Love and Marriage: Movie Weddings Will Never Be the Same after These Gay Directors Crash the Party

By Buchanan, Kyle | The Advocate (The national gay & lesbian newsmagazine), March 25, 2008 | Go to article overview

Love and Marriage: Movie Weddings Will Never Be the Same after These Gay Directors Crash the Party


Buchanan, Kyle, The Advocate (The national gay & lesbian newsmagazine)


[ILLUSTRATION OMITTED]

KISS THE BRIDE

DIRECTED BY C. Jay Cox

STARRING Tori Spelling, James O'Shea, and Philipp Karner

REGENT RELEASING

MARRIED LIFE

DIRECTED BY Ira Sachs

STARRING Chris Cooper, Patricia Clarkson, Rachel McAdams, and Pierce Brosnan

SONY PICTURES CLASSICS

AT A TIME WHEN MANY AMERICANS seem to be reconciling themselves to the idea of gay marriage, there's still one small group that needs some convincing--and it's made up of other gay people. Why, they argue, should we embrace an institution that straight people have made such a shambles off It's a line of thinking that conveniently sidesteps ideas like equal rights and choice, but it points to an irony that can't be ignored: Gay people are fighting for the right to get married at a time when straight people are divorcing in droves.

It's into that charged cultural moment that Kiss the Bride throws its bouquet. The film's hero, Matt (Philipp Karner), is busy putting together a gay marriage issue for the magazine he works for, but there's no chance he'll be saying his own vows anytime soon. Matt is still too hung up on the one that got away: Ryan (James O'Shea), the best friend from high school with whom he had a secret affair. When Matt learns that Ryan is getting married--to a woman (Tori Spelling), no less--he makes a beeline for his hometown, determined to put a stop to what he's sure will be a sham wedding. What he finds when he gets there, however, is that Ryan and his bride truly seem to be in love. Will Matt divulge Ryan's sordid past and put a stop to the wedding? A pressing question, to be sure, but here's one to trump it: Can you believe a camp icon like Tori Spelling playing a character with no gaydar?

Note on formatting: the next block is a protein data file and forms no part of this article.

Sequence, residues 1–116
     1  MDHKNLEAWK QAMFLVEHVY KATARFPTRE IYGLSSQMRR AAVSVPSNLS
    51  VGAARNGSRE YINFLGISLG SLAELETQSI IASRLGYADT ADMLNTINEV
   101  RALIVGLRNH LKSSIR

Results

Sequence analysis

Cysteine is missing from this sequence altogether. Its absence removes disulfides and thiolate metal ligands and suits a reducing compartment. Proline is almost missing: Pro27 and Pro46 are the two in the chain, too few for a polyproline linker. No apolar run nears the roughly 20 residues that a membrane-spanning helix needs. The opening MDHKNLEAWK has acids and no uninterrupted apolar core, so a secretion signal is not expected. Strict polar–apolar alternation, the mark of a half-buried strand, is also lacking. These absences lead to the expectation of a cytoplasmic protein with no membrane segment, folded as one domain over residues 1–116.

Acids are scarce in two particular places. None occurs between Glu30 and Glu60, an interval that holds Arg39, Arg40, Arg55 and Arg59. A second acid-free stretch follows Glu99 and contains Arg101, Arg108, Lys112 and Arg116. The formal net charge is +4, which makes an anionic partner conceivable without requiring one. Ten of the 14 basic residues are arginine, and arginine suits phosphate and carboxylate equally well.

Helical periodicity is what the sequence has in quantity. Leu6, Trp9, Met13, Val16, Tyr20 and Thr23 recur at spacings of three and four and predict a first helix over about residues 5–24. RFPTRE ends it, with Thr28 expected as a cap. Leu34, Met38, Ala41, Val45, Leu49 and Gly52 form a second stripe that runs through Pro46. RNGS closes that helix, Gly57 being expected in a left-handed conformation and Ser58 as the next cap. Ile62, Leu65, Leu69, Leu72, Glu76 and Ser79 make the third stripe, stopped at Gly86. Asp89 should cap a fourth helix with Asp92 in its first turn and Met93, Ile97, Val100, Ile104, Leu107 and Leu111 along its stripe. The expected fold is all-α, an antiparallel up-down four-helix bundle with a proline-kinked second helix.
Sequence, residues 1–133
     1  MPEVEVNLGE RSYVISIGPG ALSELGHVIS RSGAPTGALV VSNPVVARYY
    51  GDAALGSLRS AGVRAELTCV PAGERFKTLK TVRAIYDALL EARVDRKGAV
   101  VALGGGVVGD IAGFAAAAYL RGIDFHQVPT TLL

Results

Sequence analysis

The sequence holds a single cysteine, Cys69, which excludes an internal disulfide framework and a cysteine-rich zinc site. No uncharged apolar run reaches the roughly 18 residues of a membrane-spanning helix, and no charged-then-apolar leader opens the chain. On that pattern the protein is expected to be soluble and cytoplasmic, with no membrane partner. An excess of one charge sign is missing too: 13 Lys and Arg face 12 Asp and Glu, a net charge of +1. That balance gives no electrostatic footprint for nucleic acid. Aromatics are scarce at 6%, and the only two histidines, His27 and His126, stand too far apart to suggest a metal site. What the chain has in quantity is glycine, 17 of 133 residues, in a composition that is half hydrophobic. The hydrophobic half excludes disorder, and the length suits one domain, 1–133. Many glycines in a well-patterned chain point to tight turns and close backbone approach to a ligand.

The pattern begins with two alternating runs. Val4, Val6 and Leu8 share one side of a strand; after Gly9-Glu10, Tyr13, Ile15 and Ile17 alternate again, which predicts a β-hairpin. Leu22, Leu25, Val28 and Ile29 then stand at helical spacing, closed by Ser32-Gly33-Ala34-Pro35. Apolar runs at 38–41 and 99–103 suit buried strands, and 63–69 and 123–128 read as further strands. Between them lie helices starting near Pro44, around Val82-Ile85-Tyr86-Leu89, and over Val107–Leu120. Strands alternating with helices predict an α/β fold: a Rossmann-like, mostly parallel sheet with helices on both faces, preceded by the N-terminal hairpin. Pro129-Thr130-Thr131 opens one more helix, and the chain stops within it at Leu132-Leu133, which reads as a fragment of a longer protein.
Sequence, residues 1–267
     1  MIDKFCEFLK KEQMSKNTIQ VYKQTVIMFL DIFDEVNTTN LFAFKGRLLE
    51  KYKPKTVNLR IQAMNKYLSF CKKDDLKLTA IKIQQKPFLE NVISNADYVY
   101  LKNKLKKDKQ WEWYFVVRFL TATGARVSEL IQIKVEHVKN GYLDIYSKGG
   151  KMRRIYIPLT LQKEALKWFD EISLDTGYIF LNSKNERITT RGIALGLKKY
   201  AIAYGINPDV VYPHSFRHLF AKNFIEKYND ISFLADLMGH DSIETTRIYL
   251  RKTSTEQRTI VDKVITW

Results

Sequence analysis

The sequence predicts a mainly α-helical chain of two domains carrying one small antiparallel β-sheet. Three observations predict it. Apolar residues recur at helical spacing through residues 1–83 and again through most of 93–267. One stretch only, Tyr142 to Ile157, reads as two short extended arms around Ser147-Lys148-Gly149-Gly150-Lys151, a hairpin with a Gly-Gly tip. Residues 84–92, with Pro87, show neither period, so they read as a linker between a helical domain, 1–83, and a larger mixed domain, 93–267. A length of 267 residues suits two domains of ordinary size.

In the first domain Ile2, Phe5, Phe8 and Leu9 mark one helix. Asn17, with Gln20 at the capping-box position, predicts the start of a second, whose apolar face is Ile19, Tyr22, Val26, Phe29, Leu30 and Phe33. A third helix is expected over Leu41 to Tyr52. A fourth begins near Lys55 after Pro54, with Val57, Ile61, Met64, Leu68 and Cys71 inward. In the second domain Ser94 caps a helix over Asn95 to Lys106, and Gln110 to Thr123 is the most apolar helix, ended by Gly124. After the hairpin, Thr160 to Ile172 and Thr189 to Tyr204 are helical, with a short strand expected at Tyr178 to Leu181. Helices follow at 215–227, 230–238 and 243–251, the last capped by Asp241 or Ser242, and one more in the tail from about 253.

[ILLUSTRATION OMITTED]

Spelling is fine (if underused), and Ty Lieberman's snappy script clearly aspires to door-slamming farce, but in his follow-up to Latter Days, director C. Jay Cox shoots things so indifferently that all the air gets let out of the balloon. A comedy like this needs a quick pace and a tight editing style, but Bride dithers too long on slow-paced scenes about the families of the bride and groom.

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